Auburn Now a Football AND Basketball School, With Chuma Okeke Playing a Big Part in That
ORLANDO - Auburn University, from an athletics standpoint, is generally thought of as a football school. Some of the best players in college football history played for the Tigers, including Heisman winners Pat Sullivan, Bo Jackson, and Cam Newton, and they’ve claimed two national titles on the gridiron – most recently in 2010 with Newton at quarterback.
Not to at all diminish the football side, but the last few years it’s their basketball program that’s been shining brightest. So much so that they could make history in the coming days. Never have the Tigers ranked No. 1 on the hardwood in the AP Top 25 poll. Currently at 15-1, they could be sitting in the top spot when AP releases their latest rankings on Monday, especially after defending-champion Baylor, ranked No. 1 at the start of the week, lost their first game of the season to Texas Tech.
This string of basketball success for Auburn started in 2017, led by a young core coached by Bruce Pearl. Among them was freshman Chuma Okeke, now a forward with the Orlando Magic. That season, they went 26-8, won the SEC regular season title, and reached the NCAA Tournament for the first time in 15 years. Okeke, who hails from Atlanta, which is a little under a two-hour drive away from Auburn’s campus, scored in double figures 15 times that season and recorded three double-doubles, including against rival Alabama on Feb. 21, 2018 when he posted season highs of 16 points and 10 rebounds. Also on that team was now Sacramento Kings rookie Davion Mitchell, who transferred to Baylor following that season.
It was the subsequent season, with Okeke as a sophomore, when the Tigers truly exploded onto the scene. From the jump, they looked like a team poised to make noise come tournament time. They ultimately won their conference tournament championship for the first time since 1985, and then for the first time ever reached the Final Four, losing to eventual champion Virginia in an instant classic at U.S. Bank Stadium in Minneapolis.
“Going into my sophomore year from my freshman year, I saw what I needed to do. I saw what I needed to improve on,” Okeke said shortly after the Magic drafted him 16th overall in 2019. “Playing in the SEC, I feel like that’s one of the most physical conferences in college basketball right now, and my body wasn’t right my freshman year, so I just stayed at Auburn all summer…I just stayed in the weight room, just stayed in the gym. In those big games, my teammates gave me a lot of confidence. They had seen how much I was in the gym. They just gave me a lot of confidence – and my coaching staff, too.”
Many wonder how Auburn’s season would have ended if Okeke, who was having an outstanding NCAA tournament, didn’t tear his ACL in his left knee during the Tigers’ Sweet 16 victory over North Carolina. The injury occurred just past the midway point of the second half with the 6-foot-8 Okeke driving to the basket. As he attempted to rise for a layup following a pump fake, his knee buckled, causing him to collapse to the floor.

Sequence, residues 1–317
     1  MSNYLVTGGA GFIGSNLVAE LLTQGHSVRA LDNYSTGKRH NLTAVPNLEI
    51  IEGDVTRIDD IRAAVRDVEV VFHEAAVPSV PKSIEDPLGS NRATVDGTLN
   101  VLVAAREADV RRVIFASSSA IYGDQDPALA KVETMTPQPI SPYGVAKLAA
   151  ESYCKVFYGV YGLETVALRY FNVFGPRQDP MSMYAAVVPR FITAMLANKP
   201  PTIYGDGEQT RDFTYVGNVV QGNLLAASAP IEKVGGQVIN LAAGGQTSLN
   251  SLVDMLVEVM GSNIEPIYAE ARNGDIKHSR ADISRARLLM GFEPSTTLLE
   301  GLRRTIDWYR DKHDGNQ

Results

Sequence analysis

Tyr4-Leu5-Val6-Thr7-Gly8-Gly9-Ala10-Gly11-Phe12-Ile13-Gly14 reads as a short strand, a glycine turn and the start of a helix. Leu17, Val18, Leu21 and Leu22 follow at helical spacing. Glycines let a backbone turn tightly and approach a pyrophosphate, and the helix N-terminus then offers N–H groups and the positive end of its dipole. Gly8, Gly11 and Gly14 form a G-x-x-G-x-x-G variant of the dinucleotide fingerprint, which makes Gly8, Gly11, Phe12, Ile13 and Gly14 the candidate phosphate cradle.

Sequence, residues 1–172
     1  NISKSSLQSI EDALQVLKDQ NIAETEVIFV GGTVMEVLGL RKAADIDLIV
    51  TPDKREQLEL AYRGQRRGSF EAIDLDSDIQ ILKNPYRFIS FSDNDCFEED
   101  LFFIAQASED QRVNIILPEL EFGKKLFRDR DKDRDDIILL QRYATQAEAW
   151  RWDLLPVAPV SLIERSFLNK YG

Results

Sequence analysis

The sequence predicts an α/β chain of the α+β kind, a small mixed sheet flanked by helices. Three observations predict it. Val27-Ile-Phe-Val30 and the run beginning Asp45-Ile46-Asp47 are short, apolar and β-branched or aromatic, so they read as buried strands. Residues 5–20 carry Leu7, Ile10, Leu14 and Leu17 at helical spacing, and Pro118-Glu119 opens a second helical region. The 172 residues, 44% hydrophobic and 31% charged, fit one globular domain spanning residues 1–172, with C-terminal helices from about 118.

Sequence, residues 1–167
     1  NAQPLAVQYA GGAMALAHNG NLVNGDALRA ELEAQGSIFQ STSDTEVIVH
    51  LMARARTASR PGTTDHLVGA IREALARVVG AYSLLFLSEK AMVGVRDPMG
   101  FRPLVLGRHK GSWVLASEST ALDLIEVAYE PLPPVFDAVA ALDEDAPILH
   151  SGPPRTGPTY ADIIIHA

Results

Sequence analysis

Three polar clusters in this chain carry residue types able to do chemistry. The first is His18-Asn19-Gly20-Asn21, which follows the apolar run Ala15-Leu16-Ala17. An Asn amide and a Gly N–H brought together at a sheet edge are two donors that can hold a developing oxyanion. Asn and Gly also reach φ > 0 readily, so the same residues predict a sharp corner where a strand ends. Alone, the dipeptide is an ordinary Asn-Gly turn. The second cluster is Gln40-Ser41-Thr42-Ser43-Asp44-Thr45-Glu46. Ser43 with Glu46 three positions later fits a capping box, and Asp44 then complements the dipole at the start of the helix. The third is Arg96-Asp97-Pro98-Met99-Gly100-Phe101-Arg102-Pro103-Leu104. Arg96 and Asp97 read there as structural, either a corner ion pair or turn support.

Fighting back tears during his postgame interview with sideline reporter Jamie Erdahl, Pearl said: “Chuma was the best player on the floor. He’s hurt. He’s hurt. But we’re going to rally. I’ll go hug on him.”
The win over the Tar Heels set up an SEC showdown with traditional power Kentucky in the Elite 8. ‘Do it for Chuma’ was the theme going into that game.
“We have a motto out now, and it’s ‘do it for Chuma,’ teammate Bryce Brown said. “That’s who we are going to play for. If he was out there, he would give it his all.”
“Chuma’s our M.V.P.,” fellow teammate Horace Spencer said. “He’s always been like that. We’ve got to do it for Chuma. We’ve got to do it for him.”
What ensued was arguably Auburn’s most exhilarating basketball victory in school history. Auburn trailed by five at halftime, which was when Okeke, despite not being able to walk, arrived at the arena in a wheelchair to cheer on his teammates.
That was the emotional lift the Tigers needed, as they stormed back to force overtime, ultimately eliminating the heavily favored Wildcats.
Their Final Four game against Virginia turned out to be just as adrenaline-charged. Again, the Tigers rallied – this time erasing a double-digit deficit with just over five minutes left. However, they were unable to hold off the Cavaliers, as Kyle Guy, now playing for the Miami Heat, was fouled on a 3-point attempt with 0.6 seconds left, drilling all three free throws, the last of which put Virginia in front.
Despite falling short, Auburn’s tournament run had a fairytale-ish narrative to it, in the way they handled adversity and accomplished things never done before in the history of the program.
“We’ve got incredible character, and heart, and belief,” Pearl said during his postgame press conference after the Virginia game. “These guys have overcome adversity all year long. They’ve been doubted all year long.”
Those two seasons with Okeke and the rest of that core set the table for Auburn’s current state. Okeke has stayed connected to the program and believes there’s more good times ahead.
“I feel like they are growing, slowly but surely,” he said. “They are coming in ranked every year now…They are starting to be like a basketball school, and a football school.”